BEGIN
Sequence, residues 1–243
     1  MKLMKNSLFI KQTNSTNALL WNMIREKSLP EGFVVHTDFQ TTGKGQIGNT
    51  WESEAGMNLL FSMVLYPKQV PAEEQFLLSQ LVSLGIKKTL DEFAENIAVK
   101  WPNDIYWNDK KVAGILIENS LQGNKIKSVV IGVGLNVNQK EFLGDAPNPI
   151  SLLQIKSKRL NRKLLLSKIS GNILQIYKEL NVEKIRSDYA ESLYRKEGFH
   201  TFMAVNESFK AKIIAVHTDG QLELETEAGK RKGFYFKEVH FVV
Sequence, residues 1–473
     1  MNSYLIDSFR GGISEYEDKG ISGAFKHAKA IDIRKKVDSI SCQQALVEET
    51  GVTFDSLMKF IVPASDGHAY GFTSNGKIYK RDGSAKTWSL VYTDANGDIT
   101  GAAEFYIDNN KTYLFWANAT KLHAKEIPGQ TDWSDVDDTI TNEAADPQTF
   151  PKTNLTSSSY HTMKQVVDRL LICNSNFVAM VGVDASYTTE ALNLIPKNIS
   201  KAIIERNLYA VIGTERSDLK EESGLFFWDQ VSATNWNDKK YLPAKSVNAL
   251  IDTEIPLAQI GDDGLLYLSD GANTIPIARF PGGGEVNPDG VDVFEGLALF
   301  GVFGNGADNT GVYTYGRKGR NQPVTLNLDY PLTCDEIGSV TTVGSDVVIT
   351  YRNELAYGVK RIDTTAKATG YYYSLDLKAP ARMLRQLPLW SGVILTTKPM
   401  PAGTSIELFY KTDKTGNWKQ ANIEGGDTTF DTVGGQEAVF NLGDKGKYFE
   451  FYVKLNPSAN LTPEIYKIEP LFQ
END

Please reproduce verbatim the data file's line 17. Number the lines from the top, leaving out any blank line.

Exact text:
   451  FYVKLNPSAN LTPEIYKIEP LFQ